As can be seen in FIG. 1, a piece of polyethylene film 30 has been cut to the approximate dimensions of the window opening with sufficient overlap in the required areas. Piece 30 has been cut in-situ from a roll of CPSF by hand with a pair of scissors to the rough dimensions shown.
FIG. 2 illustrates the placement of the roughly cut polyethylene base sheet 30 (CPSF) having a front planar portion 31 which overlies the exterior sheathing, a rearwardly extending portion 32, overlapping sill support member 29, an upwardly turned rearmost portion 33, and a pair of vertically extending leg portions 34 and 35 for placement over the inside faces of vertical stud members 26 and 27, respectively. After polyethylene sheet 30 has been positioned and smoothed, it is further secured in place by stapling, at limited locations.
The next step is to apply a coating of the elastomeric adhesive sealant 36 to limited areas where the novel termination accessories are to be located.
FIG. 3 is an illustration of rough window opening 25 with polyethylene base sheet 30 stapled in position with the elastomeric adhesive sealant 36 being manually applied by brush. As indicated in FIG. 3, elastomeric adhesive sealant 36 is applied to portions of the left and right corner areas of window opening 25 in preparation for insertion for termination accessories 40. Elastomeric adhesive sealant 36 may be applied over polyethylene base sheet 30 as well as exposed areas of vertical stud members 26 and 27 where termination accessories 40 will be located. The elastomeric adhesive sealant 36 is a self-levelling material which readily bonds to most building construction material including wood and metal studs, wood and gypsum sheathing products, masonry, termination accessories 40, as well as polyethylene base sheet 30 (CPSF) which has a clay coating on at least its outer surface and in certain instances, both sides will have a clay coating thereon.
FIG. 4 illustrates the placing of termination accessory 40 in the lower left-hand corner of rough window opening 25. The right side of rough window opening 25 is shown with elastomeric adhesive coating 36 applied in preparation for termination accessory 40.
FIG. 5 shows rough window opening 25 with both termination accessories 40 in place and stapling at limited locations for added securement.
FIG. 6 is an illustration of the final step of the procedure for providing protection against water intrusion to rough window opening 25. As illustrated, an additional coating of elastomeric adhesive sealant 36 is applied over portions of termination accessories 40 that have been installed. In this step, special emphasis is placed on the exposed edges of both termination accessories 40 to control water intrusion at these locations.
Turning now to FIG. 7, there is an illustration of termination accessory 40 showing its approximate positioning for a left-hand corner insertion. Termination accessory 40 is a pre-molded unit made of high performance elastomeric material which remains flexible after molding. As illustrated, termination accessory 40 includes a pair of frontal legs 41 and 42, one vertical and one horizontal, with a pair of integral rearwardly extending legs 43 and 44 at right angles to their respective leg connections 41 and 42, followed by a third pair of legs 45 and 46 which are connected to legs 43 and 44, respectively, and extending perpendicularly thereto. As seen, termination accessory units 40 extend for only a portion of sill support area 29 since the primary area of water penetration is at the corners. However, any water which collects in the area between the two placed termination accessories 40 will be prevented from entering the building by vertically extending upward turned portion 33 of coated polyethylene base sheet 30. Portion 33 also serves as a barrier to air intrusion when sealed to the window/door/louver framing.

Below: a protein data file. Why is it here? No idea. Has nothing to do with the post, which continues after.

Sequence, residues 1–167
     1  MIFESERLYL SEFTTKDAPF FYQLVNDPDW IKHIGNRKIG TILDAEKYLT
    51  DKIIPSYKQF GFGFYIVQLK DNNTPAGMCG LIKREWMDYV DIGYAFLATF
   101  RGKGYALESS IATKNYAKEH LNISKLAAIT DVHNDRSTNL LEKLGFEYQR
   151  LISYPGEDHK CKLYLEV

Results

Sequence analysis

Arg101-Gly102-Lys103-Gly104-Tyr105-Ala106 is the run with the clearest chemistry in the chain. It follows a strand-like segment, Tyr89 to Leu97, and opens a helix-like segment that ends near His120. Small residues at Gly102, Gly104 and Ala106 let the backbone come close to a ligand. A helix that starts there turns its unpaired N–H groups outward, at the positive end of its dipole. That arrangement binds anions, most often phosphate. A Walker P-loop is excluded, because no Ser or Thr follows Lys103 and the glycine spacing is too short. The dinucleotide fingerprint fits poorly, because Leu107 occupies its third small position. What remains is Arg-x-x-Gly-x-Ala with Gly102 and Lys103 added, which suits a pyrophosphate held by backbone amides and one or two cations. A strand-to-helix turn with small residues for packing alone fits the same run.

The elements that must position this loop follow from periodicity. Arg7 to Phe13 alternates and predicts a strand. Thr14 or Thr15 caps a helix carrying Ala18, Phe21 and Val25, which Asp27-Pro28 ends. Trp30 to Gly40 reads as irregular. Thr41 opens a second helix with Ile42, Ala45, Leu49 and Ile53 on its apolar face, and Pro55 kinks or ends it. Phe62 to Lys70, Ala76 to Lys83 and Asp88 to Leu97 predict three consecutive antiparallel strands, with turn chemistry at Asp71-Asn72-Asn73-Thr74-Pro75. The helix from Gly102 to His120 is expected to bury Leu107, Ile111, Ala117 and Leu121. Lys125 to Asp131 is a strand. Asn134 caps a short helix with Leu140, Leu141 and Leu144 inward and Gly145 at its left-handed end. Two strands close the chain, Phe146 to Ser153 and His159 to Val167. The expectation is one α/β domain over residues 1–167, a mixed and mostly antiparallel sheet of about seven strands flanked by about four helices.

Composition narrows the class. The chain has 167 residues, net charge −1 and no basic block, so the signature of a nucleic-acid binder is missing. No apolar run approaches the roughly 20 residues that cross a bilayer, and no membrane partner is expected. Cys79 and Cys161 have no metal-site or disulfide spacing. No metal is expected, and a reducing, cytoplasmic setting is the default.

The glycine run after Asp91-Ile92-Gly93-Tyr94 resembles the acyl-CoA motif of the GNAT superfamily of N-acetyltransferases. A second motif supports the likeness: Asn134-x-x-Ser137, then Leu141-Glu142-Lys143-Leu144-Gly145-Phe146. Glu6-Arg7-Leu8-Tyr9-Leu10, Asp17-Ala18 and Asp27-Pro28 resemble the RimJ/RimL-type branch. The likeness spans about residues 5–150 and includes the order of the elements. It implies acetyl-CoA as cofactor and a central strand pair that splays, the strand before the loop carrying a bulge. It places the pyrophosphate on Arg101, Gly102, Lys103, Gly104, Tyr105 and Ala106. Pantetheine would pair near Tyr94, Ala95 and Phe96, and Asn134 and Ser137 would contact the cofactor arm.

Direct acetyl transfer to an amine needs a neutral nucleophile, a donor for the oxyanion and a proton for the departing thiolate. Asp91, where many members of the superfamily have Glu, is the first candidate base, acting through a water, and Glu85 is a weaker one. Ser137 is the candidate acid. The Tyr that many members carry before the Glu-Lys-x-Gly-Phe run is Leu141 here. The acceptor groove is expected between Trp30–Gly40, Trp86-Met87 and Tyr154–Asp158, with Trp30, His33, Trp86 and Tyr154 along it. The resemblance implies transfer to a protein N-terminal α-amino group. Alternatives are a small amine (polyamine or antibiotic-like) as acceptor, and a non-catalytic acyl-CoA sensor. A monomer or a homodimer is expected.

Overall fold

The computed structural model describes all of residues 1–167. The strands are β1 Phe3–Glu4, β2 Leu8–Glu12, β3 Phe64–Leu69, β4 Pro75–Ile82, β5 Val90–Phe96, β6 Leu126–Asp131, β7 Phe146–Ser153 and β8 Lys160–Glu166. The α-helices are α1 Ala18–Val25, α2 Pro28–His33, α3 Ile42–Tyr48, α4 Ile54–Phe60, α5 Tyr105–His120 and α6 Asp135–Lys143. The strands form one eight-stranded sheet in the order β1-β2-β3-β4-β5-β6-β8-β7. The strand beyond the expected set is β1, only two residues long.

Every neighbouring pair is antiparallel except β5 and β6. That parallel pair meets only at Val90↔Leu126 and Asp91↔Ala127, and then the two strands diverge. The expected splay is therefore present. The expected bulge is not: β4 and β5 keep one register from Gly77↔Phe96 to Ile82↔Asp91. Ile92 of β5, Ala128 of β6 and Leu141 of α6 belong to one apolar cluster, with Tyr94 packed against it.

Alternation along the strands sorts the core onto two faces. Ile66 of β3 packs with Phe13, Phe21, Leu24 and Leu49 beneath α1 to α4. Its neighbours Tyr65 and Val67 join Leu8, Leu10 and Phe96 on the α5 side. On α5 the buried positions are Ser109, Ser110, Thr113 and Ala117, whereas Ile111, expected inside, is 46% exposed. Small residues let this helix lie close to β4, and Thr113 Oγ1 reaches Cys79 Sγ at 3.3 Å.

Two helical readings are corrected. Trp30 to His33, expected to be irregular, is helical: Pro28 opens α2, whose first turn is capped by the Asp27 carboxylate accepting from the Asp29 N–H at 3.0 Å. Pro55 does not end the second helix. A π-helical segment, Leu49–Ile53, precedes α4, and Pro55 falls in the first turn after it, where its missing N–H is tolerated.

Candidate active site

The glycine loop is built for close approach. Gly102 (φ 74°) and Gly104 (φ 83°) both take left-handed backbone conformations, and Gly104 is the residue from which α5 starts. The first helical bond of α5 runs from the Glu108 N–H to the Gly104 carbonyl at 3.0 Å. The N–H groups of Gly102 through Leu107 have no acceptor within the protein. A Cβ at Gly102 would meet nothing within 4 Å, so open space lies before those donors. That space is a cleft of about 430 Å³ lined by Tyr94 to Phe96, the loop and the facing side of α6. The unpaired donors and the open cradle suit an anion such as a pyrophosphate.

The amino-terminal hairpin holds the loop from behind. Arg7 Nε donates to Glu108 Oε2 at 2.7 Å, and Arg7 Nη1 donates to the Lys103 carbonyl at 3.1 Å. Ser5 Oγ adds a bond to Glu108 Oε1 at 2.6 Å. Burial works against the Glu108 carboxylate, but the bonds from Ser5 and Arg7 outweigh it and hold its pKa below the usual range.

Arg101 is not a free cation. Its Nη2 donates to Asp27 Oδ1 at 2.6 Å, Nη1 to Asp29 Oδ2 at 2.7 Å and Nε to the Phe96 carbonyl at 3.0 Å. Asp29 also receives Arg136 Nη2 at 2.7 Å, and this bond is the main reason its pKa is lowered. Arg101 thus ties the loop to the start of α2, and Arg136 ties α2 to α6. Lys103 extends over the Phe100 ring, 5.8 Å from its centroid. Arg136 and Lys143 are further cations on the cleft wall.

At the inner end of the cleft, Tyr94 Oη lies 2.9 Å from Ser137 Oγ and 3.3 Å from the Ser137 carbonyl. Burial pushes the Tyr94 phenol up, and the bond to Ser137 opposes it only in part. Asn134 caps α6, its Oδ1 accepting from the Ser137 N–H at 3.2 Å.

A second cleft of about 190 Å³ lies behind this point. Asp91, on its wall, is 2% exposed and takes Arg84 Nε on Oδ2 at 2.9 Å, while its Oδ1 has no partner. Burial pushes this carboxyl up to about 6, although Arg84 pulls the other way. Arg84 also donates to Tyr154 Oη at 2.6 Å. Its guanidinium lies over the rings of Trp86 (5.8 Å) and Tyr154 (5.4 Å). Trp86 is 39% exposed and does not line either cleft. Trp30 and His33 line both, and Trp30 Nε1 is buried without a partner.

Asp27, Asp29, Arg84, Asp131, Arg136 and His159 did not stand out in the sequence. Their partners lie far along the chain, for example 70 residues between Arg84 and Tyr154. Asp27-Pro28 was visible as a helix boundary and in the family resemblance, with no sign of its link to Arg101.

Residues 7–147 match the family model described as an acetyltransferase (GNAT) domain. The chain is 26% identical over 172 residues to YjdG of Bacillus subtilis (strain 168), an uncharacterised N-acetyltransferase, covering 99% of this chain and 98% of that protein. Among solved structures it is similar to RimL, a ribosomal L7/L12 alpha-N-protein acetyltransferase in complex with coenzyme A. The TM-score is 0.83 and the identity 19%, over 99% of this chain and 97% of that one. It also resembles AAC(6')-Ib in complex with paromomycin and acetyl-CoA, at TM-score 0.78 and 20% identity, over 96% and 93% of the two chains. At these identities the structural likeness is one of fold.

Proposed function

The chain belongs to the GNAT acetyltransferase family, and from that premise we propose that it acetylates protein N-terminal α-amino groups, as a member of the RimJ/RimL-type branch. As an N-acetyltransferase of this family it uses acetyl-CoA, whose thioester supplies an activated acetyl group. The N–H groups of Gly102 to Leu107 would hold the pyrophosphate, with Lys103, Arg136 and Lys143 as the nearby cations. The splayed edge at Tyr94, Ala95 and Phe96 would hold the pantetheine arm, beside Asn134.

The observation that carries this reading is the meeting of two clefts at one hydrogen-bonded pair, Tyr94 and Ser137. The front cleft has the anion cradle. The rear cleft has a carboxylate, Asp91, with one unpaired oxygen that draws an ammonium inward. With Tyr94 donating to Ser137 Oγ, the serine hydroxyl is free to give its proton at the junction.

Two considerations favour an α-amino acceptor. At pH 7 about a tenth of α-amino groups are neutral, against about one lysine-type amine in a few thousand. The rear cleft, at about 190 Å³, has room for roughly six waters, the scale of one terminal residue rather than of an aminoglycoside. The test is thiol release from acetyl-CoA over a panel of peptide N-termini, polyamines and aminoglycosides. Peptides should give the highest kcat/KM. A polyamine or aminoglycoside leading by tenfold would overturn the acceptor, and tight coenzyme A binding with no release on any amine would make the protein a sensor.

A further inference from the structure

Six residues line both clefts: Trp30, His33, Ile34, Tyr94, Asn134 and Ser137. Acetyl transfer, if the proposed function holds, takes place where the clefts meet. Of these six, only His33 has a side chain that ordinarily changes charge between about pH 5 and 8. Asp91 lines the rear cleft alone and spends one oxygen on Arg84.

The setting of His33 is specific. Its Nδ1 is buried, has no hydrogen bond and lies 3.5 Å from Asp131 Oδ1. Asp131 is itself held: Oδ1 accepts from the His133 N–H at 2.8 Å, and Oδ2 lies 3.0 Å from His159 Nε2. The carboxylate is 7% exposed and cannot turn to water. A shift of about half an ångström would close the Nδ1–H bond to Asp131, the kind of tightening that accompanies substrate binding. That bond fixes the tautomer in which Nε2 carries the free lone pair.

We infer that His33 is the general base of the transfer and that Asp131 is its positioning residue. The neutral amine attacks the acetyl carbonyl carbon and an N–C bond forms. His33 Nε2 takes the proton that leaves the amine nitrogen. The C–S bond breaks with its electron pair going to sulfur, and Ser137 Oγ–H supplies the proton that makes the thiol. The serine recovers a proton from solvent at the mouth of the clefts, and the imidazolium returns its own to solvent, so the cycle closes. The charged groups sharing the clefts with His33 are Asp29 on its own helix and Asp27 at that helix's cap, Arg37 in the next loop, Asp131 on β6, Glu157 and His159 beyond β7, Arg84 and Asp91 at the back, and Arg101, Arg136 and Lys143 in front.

FIG. 8 is another view of termination accessory 40, however, it has been rotated counter-clockwise ninety degrees to allow for a right-hand installation in rough window opening 25. As pointed out earlier, termination accessory 40 has been uniquely designed and dimensioned to permit the same accessory unit to be used in either corner of the rough window opening 25. This unique design allows its use in either corner whereas prior art end dam units required two different units, i.e. one specifically designed for the left side and another specifically designed unit for the right side with an underlying member placed beneath the horizontal mid-point where both the left and right elements abutted each other. Thus, applicant has reduced the number of component accessory units by fifth percent, a goal which is always sought in the construction industry.